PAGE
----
There exist a number of standard psychological and social processes which tend to accompany intercultural encounters. The simplest form of intercultural encounter is between one foreign individual and new cultural environment. The foreigner usually experiences some form of culture shock. The inexperienced foreigner can make an effort to learn some of the symbols and rituals of the new environment but it is unlikely that he or she can recognize, the let alone feel and the underlying values. Therefore, it is important for every individual to at least know the culture of other even though it is seem simple.

2.0 Content ^^

Although cultures vary greatly, they all have common elements, including symbols, language, values, and norms. Basically the characteristic of each group distinguishes one culture from another and indirectly enables people to appreciate the notion. The elements of culture include history, religion, values, social organization and language. Culture learning started since we born as in the formal and informal way. Informal way is through interaction, observation and imitation, while, formally through schools, churches, mosques, and institutions.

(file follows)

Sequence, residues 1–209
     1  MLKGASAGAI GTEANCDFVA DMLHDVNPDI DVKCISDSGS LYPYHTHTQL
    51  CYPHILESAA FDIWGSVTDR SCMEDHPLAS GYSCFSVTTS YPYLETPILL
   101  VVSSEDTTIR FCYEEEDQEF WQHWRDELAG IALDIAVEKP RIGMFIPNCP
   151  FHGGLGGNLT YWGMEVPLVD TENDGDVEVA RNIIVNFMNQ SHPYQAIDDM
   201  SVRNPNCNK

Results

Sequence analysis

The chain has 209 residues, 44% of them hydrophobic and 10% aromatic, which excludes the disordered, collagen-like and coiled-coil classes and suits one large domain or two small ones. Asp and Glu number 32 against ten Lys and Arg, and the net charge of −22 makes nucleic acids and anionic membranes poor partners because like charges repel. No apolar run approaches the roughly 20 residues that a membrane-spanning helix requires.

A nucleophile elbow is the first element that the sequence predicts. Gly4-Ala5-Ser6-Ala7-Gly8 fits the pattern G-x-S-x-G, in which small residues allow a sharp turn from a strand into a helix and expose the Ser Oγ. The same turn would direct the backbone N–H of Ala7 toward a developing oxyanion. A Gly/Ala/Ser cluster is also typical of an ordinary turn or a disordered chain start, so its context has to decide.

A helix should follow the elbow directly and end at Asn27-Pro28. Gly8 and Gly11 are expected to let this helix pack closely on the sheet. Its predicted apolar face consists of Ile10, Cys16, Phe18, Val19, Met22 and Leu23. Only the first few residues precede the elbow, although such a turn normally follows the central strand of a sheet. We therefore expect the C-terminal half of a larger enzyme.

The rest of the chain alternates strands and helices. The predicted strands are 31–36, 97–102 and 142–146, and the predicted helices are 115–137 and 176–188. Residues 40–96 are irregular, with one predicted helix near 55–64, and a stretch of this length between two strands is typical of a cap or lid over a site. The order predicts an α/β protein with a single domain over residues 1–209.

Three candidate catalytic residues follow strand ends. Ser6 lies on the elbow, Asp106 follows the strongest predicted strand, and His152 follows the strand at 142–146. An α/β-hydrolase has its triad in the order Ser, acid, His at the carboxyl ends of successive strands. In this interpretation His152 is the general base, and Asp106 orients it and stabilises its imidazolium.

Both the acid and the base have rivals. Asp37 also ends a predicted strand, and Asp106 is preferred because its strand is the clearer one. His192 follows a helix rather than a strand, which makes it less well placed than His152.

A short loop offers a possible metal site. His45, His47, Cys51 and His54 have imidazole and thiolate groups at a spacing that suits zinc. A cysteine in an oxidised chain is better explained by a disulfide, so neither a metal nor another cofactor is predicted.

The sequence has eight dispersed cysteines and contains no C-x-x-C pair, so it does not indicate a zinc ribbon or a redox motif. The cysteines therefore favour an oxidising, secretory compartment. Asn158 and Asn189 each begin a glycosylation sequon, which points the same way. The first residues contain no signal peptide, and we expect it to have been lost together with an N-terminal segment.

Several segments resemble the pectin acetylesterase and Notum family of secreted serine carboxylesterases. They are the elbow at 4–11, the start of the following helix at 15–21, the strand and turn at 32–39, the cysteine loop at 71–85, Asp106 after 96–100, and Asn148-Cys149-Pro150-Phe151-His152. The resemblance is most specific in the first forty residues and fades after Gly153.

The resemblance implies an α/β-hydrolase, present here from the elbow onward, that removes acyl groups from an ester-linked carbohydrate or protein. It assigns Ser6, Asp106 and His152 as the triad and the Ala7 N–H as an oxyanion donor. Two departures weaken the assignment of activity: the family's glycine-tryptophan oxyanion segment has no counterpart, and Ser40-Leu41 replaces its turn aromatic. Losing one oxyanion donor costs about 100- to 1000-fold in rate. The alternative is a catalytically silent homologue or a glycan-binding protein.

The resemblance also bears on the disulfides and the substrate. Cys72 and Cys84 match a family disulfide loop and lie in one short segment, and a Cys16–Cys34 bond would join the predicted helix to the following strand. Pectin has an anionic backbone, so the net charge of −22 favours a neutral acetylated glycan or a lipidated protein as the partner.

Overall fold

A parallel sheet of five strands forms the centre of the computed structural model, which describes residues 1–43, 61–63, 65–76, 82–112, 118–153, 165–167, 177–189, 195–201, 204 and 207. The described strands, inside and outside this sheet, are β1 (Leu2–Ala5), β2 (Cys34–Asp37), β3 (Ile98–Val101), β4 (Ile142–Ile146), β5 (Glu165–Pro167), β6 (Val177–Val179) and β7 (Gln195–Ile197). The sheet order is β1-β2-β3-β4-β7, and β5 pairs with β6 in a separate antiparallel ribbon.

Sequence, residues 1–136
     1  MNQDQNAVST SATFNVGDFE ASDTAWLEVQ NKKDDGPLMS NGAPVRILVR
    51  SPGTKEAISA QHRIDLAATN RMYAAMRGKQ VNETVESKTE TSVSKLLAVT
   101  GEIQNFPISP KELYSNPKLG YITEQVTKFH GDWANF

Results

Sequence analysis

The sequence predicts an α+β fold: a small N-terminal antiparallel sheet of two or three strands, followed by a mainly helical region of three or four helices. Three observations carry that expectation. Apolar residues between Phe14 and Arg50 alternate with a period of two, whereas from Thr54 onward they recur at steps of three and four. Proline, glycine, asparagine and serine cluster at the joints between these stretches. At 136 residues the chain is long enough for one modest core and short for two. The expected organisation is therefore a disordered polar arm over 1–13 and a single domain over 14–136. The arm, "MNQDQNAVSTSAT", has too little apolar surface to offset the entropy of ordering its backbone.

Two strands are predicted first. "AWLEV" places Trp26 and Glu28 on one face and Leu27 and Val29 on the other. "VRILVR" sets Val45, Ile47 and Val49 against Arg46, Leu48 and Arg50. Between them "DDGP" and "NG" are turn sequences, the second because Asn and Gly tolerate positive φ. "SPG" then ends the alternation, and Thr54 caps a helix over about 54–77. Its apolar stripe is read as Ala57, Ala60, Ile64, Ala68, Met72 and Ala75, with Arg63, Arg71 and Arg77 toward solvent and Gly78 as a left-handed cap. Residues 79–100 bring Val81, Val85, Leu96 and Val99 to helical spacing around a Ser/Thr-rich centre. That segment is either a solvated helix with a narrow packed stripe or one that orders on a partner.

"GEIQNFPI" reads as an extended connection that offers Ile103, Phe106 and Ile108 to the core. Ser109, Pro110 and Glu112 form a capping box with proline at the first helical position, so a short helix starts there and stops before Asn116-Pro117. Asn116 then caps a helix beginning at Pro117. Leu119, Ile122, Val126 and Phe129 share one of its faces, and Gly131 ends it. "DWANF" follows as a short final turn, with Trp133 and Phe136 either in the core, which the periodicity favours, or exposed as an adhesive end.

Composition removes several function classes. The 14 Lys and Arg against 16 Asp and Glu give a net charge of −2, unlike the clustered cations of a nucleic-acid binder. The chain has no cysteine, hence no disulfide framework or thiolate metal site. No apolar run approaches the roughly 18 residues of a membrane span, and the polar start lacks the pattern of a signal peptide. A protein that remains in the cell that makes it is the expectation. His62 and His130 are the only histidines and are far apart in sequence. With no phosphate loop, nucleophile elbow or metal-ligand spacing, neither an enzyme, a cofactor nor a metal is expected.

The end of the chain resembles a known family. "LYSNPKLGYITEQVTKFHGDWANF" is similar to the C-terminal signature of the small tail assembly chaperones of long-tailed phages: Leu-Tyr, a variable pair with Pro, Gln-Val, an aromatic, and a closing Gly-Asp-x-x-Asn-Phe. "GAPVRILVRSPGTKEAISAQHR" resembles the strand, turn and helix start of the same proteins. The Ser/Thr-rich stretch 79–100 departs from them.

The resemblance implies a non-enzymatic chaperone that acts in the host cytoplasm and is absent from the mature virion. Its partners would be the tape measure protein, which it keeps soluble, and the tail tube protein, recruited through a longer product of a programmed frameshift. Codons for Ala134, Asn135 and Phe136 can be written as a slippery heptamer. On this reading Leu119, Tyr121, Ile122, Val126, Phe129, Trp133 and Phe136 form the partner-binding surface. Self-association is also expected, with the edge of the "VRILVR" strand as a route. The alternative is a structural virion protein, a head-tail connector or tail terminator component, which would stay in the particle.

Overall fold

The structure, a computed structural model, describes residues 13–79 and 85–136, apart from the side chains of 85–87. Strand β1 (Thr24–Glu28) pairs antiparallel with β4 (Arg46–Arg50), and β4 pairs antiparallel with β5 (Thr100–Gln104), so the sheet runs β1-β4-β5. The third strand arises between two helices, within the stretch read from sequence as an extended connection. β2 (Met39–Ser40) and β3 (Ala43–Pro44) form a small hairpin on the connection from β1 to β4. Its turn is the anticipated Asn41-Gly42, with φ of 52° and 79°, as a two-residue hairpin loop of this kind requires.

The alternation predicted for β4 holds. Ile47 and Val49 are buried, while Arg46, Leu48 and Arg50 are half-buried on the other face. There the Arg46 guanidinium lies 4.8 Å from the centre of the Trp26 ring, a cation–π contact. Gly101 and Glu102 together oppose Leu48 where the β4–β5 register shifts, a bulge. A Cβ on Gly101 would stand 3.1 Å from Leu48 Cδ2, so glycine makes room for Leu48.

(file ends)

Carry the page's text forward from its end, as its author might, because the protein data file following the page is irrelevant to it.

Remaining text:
2.1 Language

Language the key to the world of culture is a system of symbols that allows people to communicate with one another. Humans have created many alphabets to express the hundreds of languages we speak. Language not only allows communication but also the key to cultural transmission, whereby, it is the process by which one generation passes culture to the next. Language is the key that unlocks centuries of accumulated wisdom.

Besides that, language is central to national identity. It is usually thought of simply as a way to express ideas and feelings and to communicate messages. In this commonsense view any language can convey any idea. Different names and sounds are used, but the things named and the thoughts expressed are assumed to be basically the same. Besides that, different languages are not merely different codes for the same messages; they shape the kinds of messages that one can communicate and even the kinds of thoughts one can think.